Adroit in its storytelling, this book offers two finely drawn lives and a continuing mystery as to how they will overlap.

Secrets of Men in a Lifeboat

A debut novel focuses on one man and the many possibilities in life.

Luke Morrow is a lovable loser. An advertising account executive who bet everything on an Internet startup––only to lose his marriage, reputation, and career in the process––he ekes out an existence in Southern California. His main joy in life comes from moments with his son, Trevor, a boy who loves nothing more than a day at the Manhattan Beach Dunes. As income concerns force Luke to downgrade his apartment (which requires him to euthanize his tropical fish, following the advice that it is best “to throw them hard onto the sidewalk, killing them instantly”) and pursue work far below his accustomed pay scale, will he ever rebuild his life? Just as he is at his lowest, the reader is introduced, thanks to a supernatural occurrence, to a very different Luke. What if instead of lovable, he was ruthless? An alternative Luke still possesses a history that encompasses a divorce and a son named Trevor, though differing circumstances allow the protagonist to gorge himself at the buffet of the superrich. From private jets to call girls to a nanny whose breast implants he pays for, this Luke is certainly successful, though hardly even likable. So will the real Luke Morrow please stand up? The author adeptly paints very detailed profiles of both Lukes, and readers should feel very much in the moment, whether the nice Luke is offering his old weight lifting gloves to a homeless veteran or the crass one is waiting impatiently to receive his new yacht. Though moments of the wealthy Luke’s life can become repetitive, such as a trip to Hawaii that carries the reader along for a catamaran ride and snorkeling with “red dragon wrasses and purple-tipped tangs,” the curious will wonder how it all ends. Surely somewhere between these contrasting Lukes, there lies an important lesson. Tightly written and as believable (in terms of characterization) as it is ostentatious (in terms of overall construct), the novel should cause many readers to fervently seek what that lesson might be.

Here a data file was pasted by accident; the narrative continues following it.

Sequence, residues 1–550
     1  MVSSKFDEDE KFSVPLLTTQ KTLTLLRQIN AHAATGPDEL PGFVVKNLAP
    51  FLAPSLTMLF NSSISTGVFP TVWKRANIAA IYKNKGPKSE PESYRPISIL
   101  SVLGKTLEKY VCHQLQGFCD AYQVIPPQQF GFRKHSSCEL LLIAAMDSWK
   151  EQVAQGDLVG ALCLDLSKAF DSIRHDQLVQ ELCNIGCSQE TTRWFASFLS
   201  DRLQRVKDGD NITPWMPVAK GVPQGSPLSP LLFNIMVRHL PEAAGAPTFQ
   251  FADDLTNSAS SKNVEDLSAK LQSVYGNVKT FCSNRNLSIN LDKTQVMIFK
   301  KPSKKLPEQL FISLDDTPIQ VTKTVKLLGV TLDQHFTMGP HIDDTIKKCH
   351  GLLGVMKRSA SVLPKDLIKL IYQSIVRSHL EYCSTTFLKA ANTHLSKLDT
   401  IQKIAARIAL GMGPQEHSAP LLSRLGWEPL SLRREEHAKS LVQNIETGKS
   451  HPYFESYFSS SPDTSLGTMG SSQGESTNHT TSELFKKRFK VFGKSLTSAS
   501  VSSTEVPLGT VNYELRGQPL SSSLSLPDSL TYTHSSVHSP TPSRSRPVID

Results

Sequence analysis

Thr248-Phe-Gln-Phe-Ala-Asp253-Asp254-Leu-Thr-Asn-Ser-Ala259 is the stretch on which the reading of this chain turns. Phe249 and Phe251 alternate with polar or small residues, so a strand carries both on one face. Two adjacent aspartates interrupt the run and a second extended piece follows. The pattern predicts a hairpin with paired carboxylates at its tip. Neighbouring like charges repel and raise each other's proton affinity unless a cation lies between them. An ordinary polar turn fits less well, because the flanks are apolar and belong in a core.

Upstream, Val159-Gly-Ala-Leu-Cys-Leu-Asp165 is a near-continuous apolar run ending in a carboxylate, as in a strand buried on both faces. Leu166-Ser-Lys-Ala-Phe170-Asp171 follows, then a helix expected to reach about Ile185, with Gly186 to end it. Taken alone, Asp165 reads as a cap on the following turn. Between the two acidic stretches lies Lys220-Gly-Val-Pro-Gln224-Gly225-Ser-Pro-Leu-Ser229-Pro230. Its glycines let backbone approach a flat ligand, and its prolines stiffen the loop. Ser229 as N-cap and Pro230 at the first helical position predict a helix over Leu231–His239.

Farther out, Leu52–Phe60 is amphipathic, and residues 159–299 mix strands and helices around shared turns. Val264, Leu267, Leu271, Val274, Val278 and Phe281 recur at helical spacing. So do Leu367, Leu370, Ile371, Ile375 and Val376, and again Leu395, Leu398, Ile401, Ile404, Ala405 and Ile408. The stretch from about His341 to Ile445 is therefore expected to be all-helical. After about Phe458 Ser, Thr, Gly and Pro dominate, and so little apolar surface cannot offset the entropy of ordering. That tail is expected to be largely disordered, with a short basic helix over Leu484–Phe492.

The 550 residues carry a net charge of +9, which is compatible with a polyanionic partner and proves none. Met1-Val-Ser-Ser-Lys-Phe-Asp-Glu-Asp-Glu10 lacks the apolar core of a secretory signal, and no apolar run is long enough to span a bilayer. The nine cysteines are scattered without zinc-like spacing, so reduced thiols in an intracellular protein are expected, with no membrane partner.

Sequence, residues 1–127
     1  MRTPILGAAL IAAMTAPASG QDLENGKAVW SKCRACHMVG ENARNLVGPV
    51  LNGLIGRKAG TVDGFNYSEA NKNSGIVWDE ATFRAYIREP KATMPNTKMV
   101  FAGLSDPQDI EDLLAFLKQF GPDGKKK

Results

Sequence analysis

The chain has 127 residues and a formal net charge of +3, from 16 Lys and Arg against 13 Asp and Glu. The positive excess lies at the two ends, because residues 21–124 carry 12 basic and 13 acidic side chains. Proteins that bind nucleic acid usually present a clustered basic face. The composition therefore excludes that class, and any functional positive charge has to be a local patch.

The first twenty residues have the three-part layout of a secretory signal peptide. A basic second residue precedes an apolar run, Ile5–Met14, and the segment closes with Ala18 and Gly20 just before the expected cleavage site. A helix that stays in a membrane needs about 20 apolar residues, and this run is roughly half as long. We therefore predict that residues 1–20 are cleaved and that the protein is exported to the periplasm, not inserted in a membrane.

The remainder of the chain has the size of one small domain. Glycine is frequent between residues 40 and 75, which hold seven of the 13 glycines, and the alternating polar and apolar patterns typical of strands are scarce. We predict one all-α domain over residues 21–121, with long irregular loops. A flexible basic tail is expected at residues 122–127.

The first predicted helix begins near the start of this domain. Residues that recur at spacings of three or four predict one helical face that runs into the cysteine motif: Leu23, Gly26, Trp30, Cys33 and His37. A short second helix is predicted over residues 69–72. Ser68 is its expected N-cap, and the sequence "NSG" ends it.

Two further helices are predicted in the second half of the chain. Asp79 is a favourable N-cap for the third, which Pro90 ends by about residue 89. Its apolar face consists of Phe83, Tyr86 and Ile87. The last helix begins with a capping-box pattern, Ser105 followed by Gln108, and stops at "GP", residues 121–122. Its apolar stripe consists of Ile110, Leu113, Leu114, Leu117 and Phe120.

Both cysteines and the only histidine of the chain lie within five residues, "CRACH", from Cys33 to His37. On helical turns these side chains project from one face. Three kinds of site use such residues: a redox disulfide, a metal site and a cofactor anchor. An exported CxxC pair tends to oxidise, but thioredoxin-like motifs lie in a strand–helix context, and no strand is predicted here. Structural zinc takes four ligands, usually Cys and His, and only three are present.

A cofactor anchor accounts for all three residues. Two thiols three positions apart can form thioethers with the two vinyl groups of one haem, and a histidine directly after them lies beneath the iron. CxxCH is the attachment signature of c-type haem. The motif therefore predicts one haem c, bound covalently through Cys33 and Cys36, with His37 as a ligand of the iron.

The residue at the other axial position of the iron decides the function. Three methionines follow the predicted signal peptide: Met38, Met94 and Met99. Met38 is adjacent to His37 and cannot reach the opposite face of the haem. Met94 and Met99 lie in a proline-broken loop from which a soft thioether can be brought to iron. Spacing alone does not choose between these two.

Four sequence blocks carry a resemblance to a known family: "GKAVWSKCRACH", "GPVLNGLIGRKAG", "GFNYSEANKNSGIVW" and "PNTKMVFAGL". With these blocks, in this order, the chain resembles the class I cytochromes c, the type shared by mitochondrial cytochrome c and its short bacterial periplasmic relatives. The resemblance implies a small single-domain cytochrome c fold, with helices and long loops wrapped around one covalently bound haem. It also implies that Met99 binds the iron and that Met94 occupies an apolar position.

Adroit in its storytelling, this book offers two finely drawn lives and a continuing mystery as to how they will overlap.

Pub Date: N/A

ISBN: N/A

Page Count: -

Publisher: Aqueous Books

Review Posted Online: Feb. 26, 2016

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A tasty, if not always tasteful, tale of supernatural mayhem that fans of King and Crichton alike will enjoy.

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DEVOLUTION

Are we not men? We are—well, ask Bigfoot, as Brooks does in this delightful yarn, following on his bestseller World War Z (2006).